An excellent technique for improving your sales copy is to ask yourself “So

What.” after each benefit claim. For example:

“Guaranteed to help you lose weight”

So...What...

“…so you can invest in confidence” or “….so you can have peace of mind

while achieving your goals of a better body”

The Headline

The headline is the first and most important factor in your sales copy. This is the

A part of the AIDA model – you must grab the reader’s attention and compel them

to read on. Around 5 times as many people will read the headline than the copy

body.

So, unless your headline sells your product immediately, the rest of your copy will

be useless. Use the headline to immediately capture your audience’s attention,

and to stimulate a specific emotion, as emotion sells.

“Feel embarrassed about your sofa?”

“What would a better night sleep mean for you?”

Asking a question is a good way of provoking thought and drawing the reader in.

Try using imperatives:

“Recline while watching your favorite show quickly and easily with product X”

“Imagine the relief of reducing your backache today”

Some tips for writing powerful headlines:

Write 20 to 30 different headlines.

Take days break to give yourself a fresh perspective and review again and choose the best power headlines.

Ask yourself how they can be improved, are they addressing your objectives.

Writing an Introduction

Ok, now you have captured your visitor’s attention, you will need to draw them

into your introduction. Keep it brief and to the point. Create a value proposition,

and let them know exactly what you are offering.

This will create the I – interest part of AIDA, and give the reader more reasons to

read on. Give the visitor reasons as to they should read on, mention what useful

info others have gotten out of your site.

Writing the bulk of your copy

You will now need to start writing the main body of your copy. Avoid using jargon

or technical terms your visitor may not understand, this will only alienate them.

Avoid negativity, hype and buzzwords, and write in as style that everyone can

understand. Try using prepositional phrases such as “As you know..,

Naturally…., Everybody knows….” Whatever follows these are more likely to be

accepted by the reader.

The Power of Words

Here are some tips on using alternative words with for better association. These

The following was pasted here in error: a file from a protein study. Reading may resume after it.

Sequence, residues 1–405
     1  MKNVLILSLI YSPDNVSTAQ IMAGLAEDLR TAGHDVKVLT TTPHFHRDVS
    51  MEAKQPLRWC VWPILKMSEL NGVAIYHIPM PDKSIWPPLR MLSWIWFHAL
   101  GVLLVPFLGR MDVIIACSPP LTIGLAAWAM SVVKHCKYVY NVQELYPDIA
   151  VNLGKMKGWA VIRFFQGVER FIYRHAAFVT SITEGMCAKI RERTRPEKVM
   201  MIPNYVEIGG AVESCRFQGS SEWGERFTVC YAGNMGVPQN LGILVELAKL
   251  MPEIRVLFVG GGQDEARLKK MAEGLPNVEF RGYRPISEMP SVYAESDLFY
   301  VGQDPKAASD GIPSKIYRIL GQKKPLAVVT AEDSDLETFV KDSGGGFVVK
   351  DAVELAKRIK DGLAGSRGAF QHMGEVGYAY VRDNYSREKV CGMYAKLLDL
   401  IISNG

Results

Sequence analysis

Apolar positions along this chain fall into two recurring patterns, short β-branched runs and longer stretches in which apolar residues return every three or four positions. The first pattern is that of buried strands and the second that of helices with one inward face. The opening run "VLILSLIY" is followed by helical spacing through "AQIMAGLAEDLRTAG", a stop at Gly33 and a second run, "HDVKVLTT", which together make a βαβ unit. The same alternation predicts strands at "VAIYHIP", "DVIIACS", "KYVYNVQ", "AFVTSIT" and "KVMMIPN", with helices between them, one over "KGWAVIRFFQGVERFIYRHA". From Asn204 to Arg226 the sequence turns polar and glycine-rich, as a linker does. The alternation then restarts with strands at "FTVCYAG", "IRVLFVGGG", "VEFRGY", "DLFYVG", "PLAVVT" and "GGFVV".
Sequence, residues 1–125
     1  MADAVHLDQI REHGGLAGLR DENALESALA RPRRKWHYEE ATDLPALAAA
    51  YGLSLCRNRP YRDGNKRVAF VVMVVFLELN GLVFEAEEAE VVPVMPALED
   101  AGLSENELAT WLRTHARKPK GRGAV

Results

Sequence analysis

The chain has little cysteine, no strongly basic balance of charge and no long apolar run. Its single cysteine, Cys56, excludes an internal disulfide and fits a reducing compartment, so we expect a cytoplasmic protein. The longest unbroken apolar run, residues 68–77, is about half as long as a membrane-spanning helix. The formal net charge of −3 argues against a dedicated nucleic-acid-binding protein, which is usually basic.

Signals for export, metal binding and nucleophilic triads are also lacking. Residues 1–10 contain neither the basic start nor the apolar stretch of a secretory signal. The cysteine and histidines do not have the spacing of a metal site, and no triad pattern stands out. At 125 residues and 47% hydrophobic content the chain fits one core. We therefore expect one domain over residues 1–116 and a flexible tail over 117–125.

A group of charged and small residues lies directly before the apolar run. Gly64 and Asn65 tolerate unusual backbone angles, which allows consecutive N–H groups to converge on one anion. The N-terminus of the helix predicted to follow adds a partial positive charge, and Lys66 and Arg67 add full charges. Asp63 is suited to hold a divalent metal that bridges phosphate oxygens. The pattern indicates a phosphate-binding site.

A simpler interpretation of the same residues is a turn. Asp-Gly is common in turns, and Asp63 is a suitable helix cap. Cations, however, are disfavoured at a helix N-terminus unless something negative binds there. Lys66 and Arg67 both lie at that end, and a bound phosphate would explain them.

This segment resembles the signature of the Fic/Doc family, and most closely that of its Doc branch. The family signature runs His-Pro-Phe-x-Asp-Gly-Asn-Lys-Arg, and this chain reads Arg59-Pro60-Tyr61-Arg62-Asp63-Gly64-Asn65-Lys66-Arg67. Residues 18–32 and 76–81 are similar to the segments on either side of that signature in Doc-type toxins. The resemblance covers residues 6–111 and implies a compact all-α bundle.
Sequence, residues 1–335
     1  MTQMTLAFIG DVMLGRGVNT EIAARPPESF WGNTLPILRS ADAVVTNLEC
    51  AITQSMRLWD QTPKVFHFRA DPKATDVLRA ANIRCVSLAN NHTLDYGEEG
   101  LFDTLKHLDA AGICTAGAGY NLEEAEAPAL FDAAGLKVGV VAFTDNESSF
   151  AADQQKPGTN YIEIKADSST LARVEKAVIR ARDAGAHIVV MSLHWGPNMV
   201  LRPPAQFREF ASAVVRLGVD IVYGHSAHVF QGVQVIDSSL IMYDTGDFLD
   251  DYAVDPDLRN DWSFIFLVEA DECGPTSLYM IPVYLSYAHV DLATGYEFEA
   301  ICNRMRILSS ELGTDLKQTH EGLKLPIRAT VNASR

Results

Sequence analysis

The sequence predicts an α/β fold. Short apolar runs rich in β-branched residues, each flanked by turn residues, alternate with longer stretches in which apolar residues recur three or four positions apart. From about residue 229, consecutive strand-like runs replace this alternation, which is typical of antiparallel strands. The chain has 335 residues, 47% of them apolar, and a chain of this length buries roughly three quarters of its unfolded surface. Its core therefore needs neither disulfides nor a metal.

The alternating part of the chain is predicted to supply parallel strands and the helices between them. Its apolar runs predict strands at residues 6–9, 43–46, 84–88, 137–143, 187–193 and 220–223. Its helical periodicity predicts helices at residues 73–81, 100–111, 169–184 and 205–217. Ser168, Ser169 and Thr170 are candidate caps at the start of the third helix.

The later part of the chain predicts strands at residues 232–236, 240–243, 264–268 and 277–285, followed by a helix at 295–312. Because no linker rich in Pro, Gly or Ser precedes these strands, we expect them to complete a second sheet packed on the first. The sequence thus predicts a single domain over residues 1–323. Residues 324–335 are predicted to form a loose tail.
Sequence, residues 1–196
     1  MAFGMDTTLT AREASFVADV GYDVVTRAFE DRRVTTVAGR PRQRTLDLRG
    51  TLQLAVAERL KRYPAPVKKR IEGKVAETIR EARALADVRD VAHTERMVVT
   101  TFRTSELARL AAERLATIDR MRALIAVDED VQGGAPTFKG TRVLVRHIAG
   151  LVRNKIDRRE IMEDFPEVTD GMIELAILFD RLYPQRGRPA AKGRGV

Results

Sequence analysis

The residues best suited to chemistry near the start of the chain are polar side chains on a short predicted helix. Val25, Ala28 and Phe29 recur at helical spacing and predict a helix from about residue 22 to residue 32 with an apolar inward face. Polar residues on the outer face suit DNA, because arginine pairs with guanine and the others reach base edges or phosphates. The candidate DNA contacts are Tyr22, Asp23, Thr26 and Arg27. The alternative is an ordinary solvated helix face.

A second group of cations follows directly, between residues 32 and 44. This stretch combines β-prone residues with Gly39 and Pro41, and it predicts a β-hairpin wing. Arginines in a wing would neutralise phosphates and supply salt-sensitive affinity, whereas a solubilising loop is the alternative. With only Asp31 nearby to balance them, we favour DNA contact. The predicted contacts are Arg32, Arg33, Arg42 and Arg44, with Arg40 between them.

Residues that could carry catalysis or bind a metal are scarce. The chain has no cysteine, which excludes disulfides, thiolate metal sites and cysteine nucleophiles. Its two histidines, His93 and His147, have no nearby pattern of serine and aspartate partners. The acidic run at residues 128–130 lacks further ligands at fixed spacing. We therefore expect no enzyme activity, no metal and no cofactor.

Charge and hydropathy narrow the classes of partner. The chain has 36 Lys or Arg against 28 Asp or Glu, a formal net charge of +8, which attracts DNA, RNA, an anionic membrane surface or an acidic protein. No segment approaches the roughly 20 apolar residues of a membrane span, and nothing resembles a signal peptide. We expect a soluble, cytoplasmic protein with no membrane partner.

are not set in stone and open to debate, but provide an interesting insight into the

power of words. Every word counts, so ensure you incorporate potency:

Buy— This implies people have to pay money — experiment with alternative

try using claim e.g. “click here to claim your membership to … ) or invest

(Visit mywebsite.com to invest in a better future … ). This is contrary to when

marketing must have a clear call to action i.e. “buy now” so only use

alternatives where applicable, within the body of your text for example.

Learn — This implies there is work involved – try using discover “discover

the secrets behind…. …”

Tell — Nobody like to be told what to do – use reveal “This site will reveal

the effectiveness of...”, “we will show you…”

Avoid lazy words like:

Things — EG “Show you things” — Instead use tips, tricks & techniques

(.. discover tips, tricks & techniques that will …

Stuff— EG “…show you stuff, tell you stuff” — Use something juicier, like -

insider secrets (We will reveal insider secrets that only the …)

Creating effective web copy will not win you any creative writing prizes or

journalism awards but it will make you money. These tips are open to debate

but highlight the power of words in turning your visitor on or off.

Use Plenty of Subheadings

Your next step will be to add subheadings. Subheadings are basically just

smaller headlines used to break up your text blocks. They also provide your

readers with important highlights of your paragraphs.

Use plenty of subheadings throughout your copy, as not all your visitors will read

your copy word for word. They'll simply scan it and only read what catches their

attention. So, give each section a juicy subheading and a reason for the visitor to

read on.

Create USP’s

You need to set the product you are promoting apart from every other competitor

in a positive way. Using a Unique Selling Proposition (USP) will make your offering

more valuable than competitor’s and negate the need for the surfer to shop

around. This will make up part of the D details of AIDA

A strong USP is an absolute must in giving your audience a compelling reason to

buy from your site. A great way to develop a USP is by commencing: “Unlike the

majority of its competitors….



“Unlike the majority of memory foam mattresses “product Z” will help (insert benefit with emotion)


“Unlike other power bases, “brand X” uses a combination of 2 proprietary systems

that are proven to prevent you and your sleep partner from snoring”


The main purpose of a USP is to address a hole in the marketplace that the

product can really fill. Don’t forget that a USP can be incorporated into a headline

or subheader in your copy writing.

Limit the Risk